The word ‘gross,’ which came to English from French, took on a variety of senses in English related to size. But the ‘gross of today is different from the ‘gross’ of the past thanks to teens.
What is a placebo? Technically, a Latin phrase meaning ‘I will please.’ It’s also a Catholic prayer and a clever insult.
Ghosts, ghouls, and monsters turn up everywhere at Halloween—including in our language, and sometimes where you least expect.
It took more than 70 years and tons of volunteer labor to create “the definitive record of the English language”—including an assist from a murderer. Get to know the Oxford English Dictionary better.
The word ‘yo’ was around long before Rocky movies and rap songs.
If you were an 18th-century settler in Australia with no knowledge of marsupials, you just might decide to call a koala a ‘bear,’ right?
If linguistics is any indicator, it would appear that everybody in the spirit realm speaks Scots English.
From the courts to the morgue, if the government doesn't know someone's name or wants to withhold it, they give them one of these as a placeholder. Why?
Fall is here, and you're getting hungry. Feast on this cornucopia of etymologies for seasonal veggies straight from the garden.
To paraphrase Krusty the Clown, comedy isn’t dirty words—it’s words that sound dirty. Here are 50 of them.
From ‘cakewalk’ to ‘no can do,’ the origins of these common idioms and sayings are surprisingly dark.
Many bad words come and go, but these six have withstood the tests of time. Here’s how they came to be.
‘Of course’ is one of the most versatile ‘yes’ synonyms we have. But what does it actually mean?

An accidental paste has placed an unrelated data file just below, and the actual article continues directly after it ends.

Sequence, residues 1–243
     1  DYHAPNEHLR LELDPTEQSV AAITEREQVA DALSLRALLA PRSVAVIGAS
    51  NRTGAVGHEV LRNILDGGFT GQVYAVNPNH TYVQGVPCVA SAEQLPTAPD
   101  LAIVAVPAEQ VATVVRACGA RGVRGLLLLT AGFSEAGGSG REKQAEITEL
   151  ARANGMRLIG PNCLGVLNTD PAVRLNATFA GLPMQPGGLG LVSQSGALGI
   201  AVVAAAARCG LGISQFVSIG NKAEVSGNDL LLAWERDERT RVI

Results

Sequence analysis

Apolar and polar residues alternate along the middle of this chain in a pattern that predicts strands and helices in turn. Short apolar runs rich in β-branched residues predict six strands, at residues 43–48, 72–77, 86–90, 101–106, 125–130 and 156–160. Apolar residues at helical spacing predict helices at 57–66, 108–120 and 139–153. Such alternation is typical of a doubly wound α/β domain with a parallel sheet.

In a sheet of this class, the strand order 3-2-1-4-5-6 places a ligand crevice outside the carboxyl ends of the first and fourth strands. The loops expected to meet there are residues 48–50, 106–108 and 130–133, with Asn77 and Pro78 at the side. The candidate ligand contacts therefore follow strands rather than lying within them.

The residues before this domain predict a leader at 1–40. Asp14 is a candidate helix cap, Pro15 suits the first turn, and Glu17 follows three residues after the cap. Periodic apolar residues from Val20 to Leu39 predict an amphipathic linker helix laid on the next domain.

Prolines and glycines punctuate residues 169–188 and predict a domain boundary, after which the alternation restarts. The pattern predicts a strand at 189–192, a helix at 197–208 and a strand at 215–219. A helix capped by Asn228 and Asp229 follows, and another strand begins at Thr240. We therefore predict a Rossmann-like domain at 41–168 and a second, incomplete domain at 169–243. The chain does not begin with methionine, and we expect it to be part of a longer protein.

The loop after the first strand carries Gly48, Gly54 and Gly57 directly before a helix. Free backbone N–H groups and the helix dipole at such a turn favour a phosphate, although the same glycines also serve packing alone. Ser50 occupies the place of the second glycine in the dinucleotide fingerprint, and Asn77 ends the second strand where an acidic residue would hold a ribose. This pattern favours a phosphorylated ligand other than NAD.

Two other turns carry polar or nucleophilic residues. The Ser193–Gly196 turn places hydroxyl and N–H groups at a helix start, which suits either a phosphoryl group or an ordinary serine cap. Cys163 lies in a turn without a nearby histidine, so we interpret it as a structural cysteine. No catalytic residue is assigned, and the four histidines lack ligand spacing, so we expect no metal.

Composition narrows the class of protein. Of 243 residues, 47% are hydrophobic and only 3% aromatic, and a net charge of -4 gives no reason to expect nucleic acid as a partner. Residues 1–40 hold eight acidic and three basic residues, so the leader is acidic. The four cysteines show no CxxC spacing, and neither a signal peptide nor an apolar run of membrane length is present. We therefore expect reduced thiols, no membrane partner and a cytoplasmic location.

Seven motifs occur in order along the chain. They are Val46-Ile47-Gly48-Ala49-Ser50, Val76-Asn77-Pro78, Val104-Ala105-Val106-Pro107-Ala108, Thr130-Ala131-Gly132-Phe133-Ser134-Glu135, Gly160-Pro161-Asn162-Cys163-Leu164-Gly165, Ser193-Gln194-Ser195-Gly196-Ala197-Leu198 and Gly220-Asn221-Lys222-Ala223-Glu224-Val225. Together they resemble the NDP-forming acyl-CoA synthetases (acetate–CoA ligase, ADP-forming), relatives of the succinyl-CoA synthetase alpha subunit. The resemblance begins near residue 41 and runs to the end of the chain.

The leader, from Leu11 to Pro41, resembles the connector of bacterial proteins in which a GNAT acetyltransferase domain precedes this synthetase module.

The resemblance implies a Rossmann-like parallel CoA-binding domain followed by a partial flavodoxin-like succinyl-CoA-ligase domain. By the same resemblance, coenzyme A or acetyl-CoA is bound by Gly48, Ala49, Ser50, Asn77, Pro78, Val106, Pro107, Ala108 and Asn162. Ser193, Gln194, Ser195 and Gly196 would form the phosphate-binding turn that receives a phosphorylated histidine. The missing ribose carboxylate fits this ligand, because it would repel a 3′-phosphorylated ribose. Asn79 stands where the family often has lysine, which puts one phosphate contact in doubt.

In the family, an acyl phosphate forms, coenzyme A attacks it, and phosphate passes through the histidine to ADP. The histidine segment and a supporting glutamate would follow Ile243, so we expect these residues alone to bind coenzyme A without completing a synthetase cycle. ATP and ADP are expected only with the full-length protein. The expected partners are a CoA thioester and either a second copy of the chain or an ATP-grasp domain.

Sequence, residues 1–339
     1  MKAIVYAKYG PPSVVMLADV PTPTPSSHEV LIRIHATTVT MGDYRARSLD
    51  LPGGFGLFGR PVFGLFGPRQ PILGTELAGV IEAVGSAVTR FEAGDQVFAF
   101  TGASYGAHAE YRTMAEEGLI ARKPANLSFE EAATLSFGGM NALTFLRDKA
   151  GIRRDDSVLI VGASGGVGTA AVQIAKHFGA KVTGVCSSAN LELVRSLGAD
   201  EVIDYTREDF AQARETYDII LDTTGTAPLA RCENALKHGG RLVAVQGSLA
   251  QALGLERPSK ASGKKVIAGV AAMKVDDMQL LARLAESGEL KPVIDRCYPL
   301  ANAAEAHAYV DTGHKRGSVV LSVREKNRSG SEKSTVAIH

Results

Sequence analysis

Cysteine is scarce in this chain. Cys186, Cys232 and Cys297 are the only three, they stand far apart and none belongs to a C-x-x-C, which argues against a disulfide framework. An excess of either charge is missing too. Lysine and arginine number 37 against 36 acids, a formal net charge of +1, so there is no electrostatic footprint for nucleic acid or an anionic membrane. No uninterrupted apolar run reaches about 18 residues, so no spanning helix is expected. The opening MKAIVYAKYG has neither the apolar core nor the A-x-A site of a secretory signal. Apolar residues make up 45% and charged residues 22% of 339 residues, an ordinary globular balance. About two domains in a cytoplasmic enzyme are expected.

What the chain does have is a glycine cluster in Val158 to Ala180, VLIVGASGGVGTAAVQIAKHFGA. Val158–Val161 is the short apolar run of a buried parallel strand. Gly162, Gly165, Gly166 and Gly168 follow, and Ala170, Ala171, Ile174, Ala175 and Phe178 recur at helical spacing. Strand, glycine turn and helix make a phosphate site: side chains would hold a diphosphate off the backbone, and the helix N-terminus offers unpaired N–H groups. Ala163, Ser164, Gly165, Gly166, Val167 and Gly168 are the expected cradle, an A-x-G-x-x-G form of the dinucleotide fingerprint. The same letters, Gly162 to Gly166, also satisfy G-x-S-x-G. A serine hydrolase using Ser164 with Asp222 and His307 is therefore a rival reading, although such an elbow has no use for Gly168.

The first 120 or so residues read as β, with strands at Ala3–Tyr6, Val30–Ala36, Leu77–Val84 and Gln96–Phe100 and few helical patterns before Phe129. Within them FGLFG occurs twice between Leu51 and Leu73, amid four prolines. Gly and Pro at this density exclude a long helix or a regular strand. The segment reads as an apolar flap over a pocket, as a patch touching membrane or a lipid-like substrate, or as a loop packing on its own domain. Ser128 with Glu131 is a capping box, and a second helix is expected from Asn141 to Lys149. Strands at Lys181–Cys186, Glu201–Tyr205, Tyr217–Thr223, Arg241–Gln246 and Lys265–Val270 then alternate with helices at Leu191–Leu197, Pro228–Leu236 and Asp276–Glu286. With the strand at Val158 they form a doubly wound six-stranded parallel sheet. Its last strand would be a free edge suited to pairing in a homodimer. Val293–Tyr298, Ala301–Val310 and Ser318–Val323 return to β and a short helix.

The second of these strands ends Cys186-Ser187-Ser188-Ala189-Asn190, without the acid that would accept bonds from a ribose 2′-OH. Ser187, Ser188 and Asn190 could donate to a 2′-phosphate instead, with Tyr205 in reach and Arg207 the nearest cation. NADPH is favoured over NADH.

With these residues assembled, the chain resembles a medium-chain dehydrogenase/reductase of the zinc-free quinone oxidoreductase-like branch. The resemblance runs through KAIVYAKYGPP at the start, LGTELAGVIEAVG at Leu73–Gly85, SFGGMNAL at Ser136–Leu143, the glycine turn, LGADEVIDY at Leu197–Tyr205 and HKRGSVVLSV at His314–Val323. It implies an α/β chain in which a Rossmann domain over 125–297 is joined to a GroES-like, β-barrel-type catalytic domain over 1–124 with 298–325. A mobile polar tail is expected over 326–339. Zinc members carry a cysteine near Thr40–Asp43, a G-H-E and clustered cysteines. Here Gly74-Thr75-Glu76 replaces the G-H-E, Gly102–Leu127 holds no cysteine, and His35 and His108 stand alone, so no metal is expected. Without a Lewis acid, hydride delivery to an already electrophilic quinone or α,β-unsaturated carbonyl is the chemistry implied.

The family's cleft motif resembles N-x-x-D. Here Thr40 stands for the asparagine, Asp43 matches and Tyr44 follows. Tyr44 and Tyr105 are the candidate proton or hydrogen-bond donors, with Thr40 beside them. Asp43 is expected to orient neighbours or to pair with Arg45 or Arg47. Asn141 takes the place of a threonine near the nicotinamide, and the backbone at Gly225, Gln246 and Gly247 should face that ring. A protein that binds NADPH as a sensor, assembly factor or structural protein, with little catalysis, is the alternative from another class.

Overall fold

Sometimes words move up in the world. Their meanings change with time, becoming more positive—a process linguists call amelioration.
The connections between words aren’t always as straightforward as the link between run and runner; often, figuring them out requires the subtle unraveling of linguistic evolution, the kind of detective work that makes etymology so fascinating.
The figurative phrase is more than 200 years old, but the obscure etymology of a 'red herring' is a fishy story that is itself a red herring.
Does it have to do with pea coats? Or maybe Latin scribes?
Here’s (at least) one interesting way station each of these common words made on its journey to the present day, whether it’s an analysis of the Latin roots, a hypothesis about a proto-Indo-European origin, or a pivotal change in meaning.
The story behind which orange came first involves Arab trade routes and a bunch of old phrases that mean 'orange apple.'
It’s another in a long line of etymologies that doesn’t have one clear-cut answer, but a few plausible (and interesting) possible explanations.
It’s delightfully old-timey slang we still use today. But does it have anything to do with the Duesenberg cars of the 1920s?
The origin of the phrase ‘silver screen’ is less about movies and more about how people watched them in the good old days.